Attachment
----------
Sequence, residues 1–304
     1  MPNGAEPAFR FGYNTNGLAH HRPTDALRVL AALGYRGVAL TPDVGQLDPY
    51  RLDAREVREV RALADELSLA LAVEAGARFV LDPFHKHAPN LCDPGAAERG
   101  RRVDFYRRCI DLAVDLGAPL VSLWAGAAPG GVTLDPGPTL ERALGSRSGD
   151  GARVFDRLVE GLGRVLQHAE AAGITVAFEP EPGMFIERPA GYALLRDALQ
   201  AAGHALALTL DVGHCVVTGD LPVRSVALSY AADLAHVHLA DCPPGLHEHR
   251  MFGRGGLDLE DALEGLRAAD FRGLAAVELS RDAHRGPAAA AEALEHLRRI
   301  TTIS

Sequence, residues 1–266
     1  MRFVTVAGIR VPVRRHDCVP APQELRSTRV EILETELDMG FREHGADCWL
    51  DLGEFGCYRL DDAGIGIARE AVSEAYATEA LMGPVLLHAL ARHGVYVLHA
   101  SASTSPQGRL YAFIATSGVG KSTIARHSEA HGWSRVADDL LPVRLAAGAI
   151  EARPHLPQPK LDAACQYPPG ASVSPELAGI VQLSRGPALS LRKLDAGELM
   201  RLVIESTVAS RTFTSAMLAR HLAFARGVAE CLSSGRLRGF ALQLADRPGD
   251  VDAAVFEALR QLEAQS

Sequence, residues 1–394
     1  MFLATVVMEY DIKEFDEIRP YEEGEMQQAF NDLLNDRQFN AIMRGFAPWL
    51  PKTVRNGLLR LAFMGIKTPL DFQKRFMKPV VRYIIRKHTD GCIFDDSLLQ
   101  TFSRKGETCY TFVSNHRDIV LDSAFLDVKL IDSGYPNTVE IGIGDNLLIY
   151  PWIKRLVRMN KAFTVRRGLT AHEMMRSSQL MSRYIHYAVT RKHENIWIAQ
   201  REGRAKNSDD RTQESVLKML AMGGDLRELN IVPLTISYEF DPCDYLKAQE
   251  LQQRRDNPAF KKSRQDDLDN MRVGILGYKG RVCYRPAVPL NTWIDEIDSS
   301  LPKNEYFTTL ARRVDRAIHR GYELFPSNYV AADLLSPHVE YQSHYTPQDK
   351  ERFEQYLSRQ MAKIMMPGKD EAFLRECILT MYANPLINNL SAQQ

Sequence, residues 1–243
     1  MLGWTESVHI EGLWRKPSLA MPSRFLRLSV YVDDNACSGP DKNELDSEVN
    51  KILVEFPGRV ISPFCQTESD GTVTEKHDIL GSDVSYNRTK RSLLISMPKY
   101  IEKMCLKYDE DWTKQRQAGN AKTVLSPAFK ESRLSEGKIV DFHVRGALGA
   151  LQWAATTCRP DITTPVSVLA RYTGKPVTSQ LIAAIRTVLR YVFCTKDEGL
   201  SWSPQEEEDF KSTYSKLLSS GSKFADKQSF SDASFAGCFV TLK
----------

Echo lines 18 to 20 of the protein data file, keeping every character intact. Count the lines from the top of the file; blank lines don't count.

    51  PKTVRNGLLR LAFMGIKTPL DFQKRFMKPV VRYIIRKHTD GCIFDDSLLQ
   101  TFSRKGETCY TFVSNHRDIV LDSAFLDVKL IDSGYPNTVE IGIGDNLLIY
   151  PWIKRLVRMN KAFTVRRGLT AHEMMRSSQL MSRYIHYAVT RKHENIWIAQ